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If you were asked to think of one company that is defined by its use of algorithms, you might name Google.

And for good reason: the search giant's algorithms are not only at the heart of its success, but for many, they're the source of constant hope and fear as changes to them can literally make or break businesses.

But another prominent name on the consumer internet might also be a viable contender for the title 'algorithm company': Netflix.

In a post on its blog, Netflix revealed details around the recommendation algorithms it uses. Note the plural 'algorithms'. Netflix personalization science and engineering staff members Xavier Amatriain and Justin Basilico explain:

Personalization starts on our homepage, which consists of groups of videos arranged in horizontal rows. Each row has a title that conveys the intended meaningful connection between the videos in that group. Most of our personalization is based on the way we select rows, how we determine what items to include in them, and in what order to place those items.

Take as a first example the Top 10 row: this is our best guess at the ten titles you are most likely to enjoy. Of course, when we say “you”, we really mean everyone in your household. It is important to keep in mind that Netflix’ personalization is intended to handle a household that is likely to have different people with different tastes. That is why when you see your Top10, you are likely to discover items for dad, mom, the kids, or the whole family. Even for a single person household we want to appeal to your range of interests and moods. To achieve this, in many parts of our system we are not only optimizing for accuracy, but also for diversity.

That's just the beginning. Netflix's algorithms also factor in awareness, freshness, similarity, and social connections, amongst other things.

Why the sophistication? Miraculously, Netflix says that "75% of what people watch is from some sort of recommendation." From this perspective, it's not a stretch to say that Netflix's business today is driven by the ability of its recommendation algorithms to make good recommendations. Which sort of explains why the company created a million-dollar challenge with the goal of improving its recommendations by what appeared to be a small margin.

While most companies aren't as big as Netflix, many businesses large and small will increasingly find that algorithms are a crucial part of serving customers effectively. From helping customers find the right products, to reducing fraud, to delivering services more efficiently and cheaply, there are arguably few businesses that can't benefit from a Netflix-like approach.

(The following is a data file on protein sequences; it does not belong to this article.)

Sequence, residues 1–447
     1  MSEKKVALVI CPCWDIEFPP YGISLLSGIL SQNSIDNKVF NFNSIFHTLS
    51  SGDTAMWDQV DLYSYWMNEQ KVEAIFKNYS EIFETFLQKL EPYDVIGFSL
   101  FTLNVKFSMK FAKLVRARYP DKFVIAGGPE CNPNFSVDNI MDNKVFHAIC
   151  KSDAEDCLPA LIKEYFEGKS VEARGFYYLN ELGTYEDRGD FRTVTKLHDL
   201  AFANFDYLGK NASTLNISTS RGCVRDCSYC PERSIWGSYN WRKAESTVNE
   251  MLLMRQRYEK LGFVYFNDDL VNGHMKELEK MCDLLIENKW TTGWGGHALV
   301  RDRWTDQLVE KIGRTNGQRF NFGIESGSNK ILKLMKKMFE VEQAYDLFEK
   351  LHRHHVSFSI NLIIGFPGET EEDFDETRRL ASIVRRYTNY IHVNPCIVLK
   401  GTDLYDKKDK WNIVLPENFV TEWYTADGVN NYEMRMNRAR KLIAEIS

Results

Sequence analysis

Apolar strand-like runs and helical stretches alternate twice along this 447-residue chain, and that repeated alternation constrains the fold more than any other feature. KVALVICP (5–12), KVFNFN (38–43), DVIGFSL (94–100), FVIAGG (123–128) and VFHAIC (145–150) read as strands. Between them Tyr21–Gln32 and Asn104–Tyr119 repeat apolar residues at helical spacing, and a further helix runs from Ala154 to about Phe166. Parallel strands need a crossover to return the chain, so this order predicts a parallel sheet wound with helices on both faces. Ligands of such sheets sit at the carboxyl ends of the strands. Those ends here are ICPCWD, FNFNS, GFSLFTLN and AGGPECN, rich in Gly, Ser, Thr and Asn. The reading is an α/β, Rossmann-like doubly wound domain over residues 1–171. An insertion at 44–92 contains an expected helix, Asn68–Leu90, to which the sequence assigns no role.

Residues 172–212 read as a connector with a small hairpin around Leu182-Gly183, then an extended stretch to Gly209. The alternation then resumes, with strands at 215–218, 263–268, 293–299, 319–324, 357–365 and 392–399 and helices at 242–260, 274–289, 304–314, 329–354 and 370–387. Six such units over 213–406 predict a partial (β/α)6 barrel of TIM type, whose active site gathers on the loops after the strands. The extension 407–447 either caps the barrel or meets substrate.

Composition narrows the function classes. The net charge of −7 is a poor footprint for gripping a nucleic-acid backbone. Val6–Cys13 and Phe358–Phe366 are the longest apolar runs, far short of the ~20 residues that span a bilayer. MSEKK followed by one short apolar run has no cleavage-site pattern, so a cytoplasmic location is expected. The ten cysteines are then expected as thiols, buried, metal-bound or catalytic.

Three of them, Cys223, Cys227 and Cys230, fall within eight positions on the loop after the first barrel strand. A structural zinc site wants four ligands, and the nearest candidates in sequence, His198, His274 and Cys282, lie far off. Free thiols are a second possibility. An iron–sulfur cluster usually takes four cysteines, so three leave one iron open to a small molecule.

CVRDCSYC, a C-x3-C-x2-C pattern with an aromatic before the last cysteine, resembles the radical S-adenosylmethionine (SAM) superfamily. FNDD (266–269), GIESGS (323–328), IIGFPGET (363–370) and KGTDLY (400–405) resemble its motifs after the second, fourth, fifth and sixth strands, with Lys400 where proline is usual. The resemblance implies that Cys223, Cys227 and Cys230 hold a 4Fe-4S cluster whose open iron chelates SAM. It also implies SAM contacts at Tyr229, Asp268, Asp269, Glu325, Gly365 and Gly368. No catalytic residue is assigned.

The challenge of course, is increasingly not data. Thanks to the big data trend, more and more companies are collecting that. The challenge is performing the type of analysis that Netflix-like algorithms perform. With this in mind, the really important trend to watch may not be big data, but rather big analysis.

Patricio Robles

Published 9 April, 2012 by Patricio Robles

Patricio Robles is a tech reporter at Econsultancy. Follow him on Twitter.

2392 more posts from this author

Comments (3)

Martin Ryan

Martin Ryan, Technology Consulting Manager at Javelin GroupEnterprise

While I agree with the sentiment, most retailers can not devote the resources that are available to Netflix, nor expect to achieve the results that they do.

Most are today content with automated product recommendations from the likes of Baynote and richrelevance. These products (and many others) are rapidly maturing and becoming a staple of basic website personalisation. Retailers that do not yet use them should investigate them as a priority since the return on investment often looks compelling.

The interesting developments are in using these algorithmic personalisation tools with other tools. For example using them with search engine results sets to provide personalised rankings, or with customer service knowledgebases to help reduce contacts per order.

over 4 years ago

Nick Tsinonis

Nick Tsinonis, CEO at RecSys Ltd

The great thing about data is that it does not need to ask questions, just observe behaviours and learn from them and apply these learnings in real-time.

Every business in the next few years will be using algorithms to not only predict users tastes but a mix of personalization, discovery and prediction algorithms allows for:

- higher sales and retention due to personalized marketing via learning through crowd and trend behaviour

- Personalized serindipity assistance. More aha! moments through discovery of new products that customers would never logically look at

- better understanding of customer journey to target customers in different ways in a real-time fashion

- Better prediction of users exhibiting scam, spam, fraudulent and troll behaviour

- New discoveries from user-to-product behaviour leading to new branches of products, that lead product development

... and more

In short, testable and observable behaviours can lead to almost any predictive model being applied.

Nick Tsinonis
www.RecSys.com

over 4 years ago

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Cameron Church

For a more indepth look at what algorithms are in place have a good read of this article from How Stuff Works

http://electronics.howstuffworks.com/netflix2.htm

For the theory heads out there the science (and math) behind the algorithms a good read is on a paper published here

http://www.springerlink.com/content/978-3-642-21826-2/#section=915837&page=2&locus=16

The future is content discovery.

over 4 years ago

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